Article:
A farmhouse stay near the Po River Delta on the east coast of Italy appealed to Bob and me because it was located a few miles from Parco Regionale Veneto del Delta del Po (The Regional Park of the Po River Delta). The Park is one massive sprawling wetlands that promised some excellent birdwatching.
From Tuscany, we drove on narrow mountain roads across the Hills of Chianti before finding ourselves on a freeway. Hoping to take advantage of that to narrow the distance to Ravenna, instead we were detoured onto an elevated section of highway, a bridge really, that spanned valleys and farm fields.
It went on for what seemed like hundreds of kilometres.
Once in Rovigo, a community set in the vast agricultural area abutting the Po River, Bob and I started to take note of different birds in the fields.
Grey Herons seemed to be everywhere.
A colourful Eurasian Magpie gliding along the edge of one field…
flashed blue when it landed in the long grass.
We did not delay, and by 2 p.m., Bob and I had acquired supplies and located our lodgings. As we poked up the driveway, it seemed unlikely that we were in the right place. A couple of stern buildings that resembled brick barracks…
were separated by a third building that housed some farm equipment. One door stood wide open wherein a gentlemen sat perched in a chair surveying the property. He had a modest vegetable market inside and was tending his customers. Within moments, the proprietor arrived to welcome us to our new digs.
Our cottage was more like a house. Well, it was a house in typical Italian farm-style.
A lot of the houses we had been seeing in the area were closed up tight with shutters drawn over all windows and doors. They looked rather abandoned even though most were tidy with brightly-coloured facades and shutters in complimentary shades.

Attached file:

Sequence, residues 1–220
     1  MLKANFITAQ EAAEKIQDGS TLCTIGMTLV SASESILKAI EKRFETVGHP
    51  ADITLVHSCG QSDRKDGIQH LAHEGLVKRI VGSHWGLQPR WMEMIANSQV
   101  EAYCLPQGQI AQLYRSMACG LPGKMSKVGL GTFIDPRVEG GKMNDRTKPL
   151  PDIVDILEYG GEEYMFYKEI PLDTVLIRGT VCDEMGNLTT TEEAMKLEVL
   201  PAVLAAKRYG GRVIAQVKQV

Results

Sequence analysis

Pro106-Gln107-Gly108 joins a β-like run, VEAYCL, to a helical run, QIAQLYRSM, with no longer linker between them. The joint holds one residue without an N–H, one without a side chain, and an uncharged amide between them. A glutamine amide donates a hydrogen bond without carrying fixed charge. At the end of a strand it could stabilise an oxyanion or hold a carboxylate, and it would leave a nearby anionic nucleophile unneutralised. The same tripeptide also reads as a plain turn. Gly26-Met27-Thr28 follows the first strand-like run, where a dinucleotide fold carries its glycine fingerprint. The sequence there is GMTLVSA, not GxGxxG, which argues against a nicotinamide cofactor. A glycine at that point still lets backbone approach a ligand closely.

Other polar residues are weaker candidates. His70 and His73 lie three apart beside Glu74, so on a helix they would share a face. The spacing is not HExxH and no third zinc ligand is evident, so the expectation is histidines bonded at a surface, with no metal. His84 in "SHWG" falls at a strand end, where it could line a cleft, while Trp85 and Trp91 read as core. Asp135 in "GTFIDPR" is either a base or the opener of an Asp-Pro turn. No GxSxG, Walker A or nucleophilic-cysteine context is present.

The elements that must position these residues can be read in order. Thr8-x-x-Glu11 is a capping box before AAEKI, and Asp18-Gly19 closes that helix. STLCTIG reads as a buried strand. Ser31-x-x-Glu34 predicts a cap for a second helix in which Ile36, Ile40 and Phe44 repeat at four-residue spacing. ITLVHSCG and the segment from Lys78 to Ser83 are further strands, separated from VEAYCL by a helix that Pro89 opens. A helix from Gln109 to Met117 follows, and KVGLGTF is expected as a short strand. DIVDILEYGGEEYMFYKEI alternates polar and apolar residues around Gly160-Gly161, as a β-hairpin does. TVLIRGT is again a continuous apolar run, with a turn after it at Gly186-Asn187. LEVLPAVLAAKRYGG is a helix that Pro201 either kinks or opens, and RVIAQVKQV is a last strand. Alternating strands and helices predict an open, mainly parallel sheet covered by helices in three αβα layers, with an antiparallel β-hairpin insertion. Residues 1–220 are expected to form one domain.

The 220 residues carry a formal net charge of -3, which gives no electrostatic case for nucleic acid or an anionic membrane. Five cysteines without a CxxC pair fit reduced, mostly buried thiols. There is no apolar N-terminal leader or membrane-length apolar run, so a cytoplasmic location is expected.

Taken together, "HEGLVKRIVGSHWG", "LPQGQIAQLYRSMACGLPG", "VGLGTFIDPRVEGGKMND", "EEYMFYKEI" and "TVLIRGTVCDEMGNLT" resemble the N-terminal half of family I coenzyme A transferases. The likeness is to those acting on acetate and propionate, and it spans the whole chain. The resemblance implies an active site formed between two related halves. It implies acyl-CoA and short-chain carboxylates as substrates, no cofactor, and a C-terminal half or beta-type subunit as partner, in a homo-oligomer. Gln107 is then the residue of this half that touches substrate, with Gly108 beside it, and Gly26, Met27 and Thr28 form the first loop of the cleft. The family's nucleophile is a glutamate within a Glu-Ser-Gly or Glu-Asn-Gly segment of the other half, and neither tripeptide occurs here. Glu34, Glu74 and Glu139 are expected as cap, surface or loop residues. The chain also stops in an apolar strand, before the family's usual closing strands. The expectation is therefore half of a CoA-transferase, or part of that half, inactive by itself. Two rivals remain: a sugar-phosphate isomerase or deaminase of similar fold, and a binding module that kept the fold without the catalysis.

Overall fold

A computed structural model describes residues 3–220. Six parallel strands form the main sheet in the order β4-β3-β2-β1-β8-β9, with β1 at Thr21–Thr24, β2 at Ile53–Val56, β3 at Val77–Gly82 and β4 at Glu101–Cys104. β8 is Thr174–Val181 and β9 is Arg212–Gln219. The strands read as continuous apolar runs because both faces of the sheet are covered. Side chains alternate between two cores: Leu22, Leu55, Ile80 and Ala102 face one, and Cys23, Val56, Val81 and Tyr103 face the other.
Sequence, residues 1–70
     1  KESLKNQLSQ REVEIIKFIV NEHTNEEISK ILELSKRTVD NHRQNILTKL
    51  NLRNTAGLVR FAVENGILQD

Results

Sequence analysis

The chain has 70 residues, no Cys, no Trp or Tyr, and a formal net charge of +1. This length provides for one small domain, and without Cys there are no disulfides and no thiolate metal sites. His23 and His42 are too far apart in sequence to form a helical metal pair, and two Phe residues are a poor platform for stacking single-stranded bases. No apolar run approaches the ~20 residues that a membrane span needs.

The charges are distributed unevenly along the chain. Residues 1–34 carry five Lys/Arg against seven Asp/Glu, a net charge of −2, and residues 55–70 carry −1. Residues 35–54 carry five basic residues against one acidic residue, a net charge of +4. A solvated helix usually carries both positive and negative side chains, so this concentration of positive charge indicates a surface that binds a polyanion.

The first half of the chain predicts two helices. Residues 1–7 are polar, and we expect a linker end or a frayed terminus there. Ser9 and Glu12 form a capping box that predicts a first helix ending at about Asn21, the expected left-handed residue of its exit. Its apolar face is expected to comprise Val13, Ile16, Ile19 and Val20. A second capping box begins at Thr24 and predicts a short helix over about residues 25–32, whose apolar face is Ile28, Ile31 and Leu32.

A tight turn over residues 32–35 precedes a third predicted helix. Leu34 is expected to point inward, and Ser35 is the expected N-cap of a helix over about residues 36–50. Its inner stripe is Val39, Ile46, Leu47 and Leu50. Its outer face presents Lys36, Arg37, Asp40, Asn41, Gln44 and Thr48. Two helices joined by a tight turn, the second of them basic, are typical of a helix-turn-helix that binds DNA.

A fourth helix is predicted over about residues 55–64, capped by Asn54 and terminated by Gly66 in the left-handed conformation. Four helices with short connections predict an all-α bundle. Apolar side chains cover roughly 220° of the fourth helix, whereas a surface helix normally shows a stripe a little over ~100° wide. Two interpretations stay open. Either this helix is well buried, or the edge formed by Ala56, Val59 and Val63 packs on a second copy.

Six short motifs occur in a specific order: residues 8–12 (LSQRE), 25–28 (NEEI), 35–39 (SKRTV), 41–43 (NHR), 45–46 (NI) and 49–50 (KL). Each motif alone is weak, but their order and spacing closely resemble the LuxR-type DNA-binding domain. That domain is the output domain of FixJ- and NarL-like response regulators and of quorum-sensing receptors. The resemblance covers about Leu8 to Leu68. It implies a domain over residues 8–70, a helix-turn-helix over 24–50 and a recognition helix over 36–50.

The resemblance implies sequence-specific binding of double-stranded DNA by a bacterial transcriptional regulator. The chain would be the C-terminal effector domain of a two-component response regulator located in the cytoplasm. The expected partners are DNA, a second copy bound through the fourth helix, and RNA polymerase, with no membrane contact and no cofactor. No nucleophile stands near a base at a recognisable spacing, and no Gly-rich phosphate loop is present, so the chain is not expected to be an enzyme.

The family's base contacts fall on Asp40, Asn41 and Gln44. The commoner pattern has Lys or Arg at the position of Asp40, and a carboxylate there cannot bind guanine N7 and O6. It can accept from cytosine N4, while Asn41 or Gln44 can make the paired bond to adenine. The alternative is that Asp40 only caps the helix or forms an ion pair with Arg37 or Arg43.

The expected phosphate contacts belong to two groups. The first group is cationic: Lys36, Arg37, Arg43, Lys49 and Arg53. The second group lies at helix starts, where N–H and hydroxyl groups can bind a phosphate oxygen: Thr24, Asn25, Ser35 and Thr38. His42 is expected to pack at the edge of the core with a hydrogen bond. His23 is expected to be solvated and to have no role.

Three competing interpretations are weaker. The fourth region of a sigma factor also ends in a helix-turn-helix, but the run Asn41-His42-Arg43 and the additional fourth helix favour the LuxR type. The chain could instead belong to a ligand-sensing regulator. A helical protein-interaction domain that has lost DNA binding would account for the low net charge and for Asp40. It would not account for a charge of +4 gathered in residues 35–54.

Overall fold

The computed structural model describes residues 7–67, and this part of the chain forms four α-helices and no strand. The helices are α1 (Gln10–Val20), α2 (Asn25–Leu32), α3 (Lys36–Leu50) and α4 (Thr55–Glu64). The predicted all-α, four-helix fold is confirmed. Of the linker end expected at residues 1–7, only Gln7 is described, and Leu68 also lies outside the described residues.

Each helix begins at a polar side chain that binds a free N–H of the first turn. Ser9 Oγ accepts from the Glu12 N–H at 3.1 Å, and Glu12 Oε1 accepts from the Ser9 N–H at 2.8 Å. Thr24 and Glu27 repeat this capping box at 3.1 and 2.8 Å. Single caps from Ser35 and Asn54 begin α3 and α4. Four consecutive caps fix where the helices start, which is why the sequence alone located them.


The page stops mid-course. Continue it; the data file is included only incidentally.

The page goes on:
Our farmhouse was no different with its bright yellow exterior and forest green shutters outfitted with deadbolts. Even the hidden windows had locks. The shutters had served their purpose though, for once inside the structure, we found the interior was refreshingly cool. The shutters had kept out the heat of the western sun as it beat in on the cottage all afternoon.
After our cozy and quaint retreat at the vineyard in Gaiole, our new accommodations felt quite commodious yet charming and comfortable.
After getting settled, we went to check out the lay of the land to speed our departure for birdwatching early the next morning. If I thought Italy couldn’t get any better, I was wrong.
The Regional Park of the Po River Delta encompasses a unique environment that was declared a UNESCO Heritage Site in 1999. Through the Park, the Po River flows and is joined by six tributaries before emptying into the Adriatic Sea.
The wetlands, the largest in all of Europe, are unbelievable…vast and beautiful. Stretched over 54,000 hectares, they are home to almost 300 species of birds, over 1,000 species of plants, and about 370 species of animals.
You can literally drive for hours on the series of dikes and around the lagoons, through the communities and ports, around the canals and next to the fishing houses. The landscape reminded us very much of The Netherlands.
As we wended our way through the maze of roadways, we soon discovered a small colony of flamingos near Porto Levante and were thrilled despite the distant views. They were one of our target birds.
Awhile later, an opening in the vegetation along one stretch of the roadway allowed better views.
Greater Flamingos are the most widespread species of the flamingo family.
Attaining heights of up to 5 feet, these tall, slender birds can weigh as little as 4 pounds, up to 9 pounds.
We toured the Po River Delta for about 3 hours. A lone fisherman, like ourselves, was taking advantage of the last daylight hours.
Little Egrets perched on a utility wire surveyed the wetlands from on high.
That was an unlikely place to see a Little Egret, we thought.
While enjoying the onset of a beautiful sunset, Bob and I met a local birdwatcher who struggled to give us input on birding locations because of his lack of English, but he kindly gave us a map of the area. Boy, did that come in handy!
As we motored along the narrow dikes and crossed numerous bridges, the darkness deepened.
Still, Bob and I pulled over to snap photos of the radiant sky.
The red and golden rays of the sun transformed the wetlands into a dramatic setting perfectly reflected in the series of lagoons.
Finally, we had to admit that we were lost in that maze of dikes and channels, communities and bridges, but we did finally find our way back to the farmhouse. There, we threw open the 10-foot tall shutters on our bedroom patio door, pulled the screen down, and retired to the peaceful sounds of the countryside. We were planning on an early start next day…6 a.m.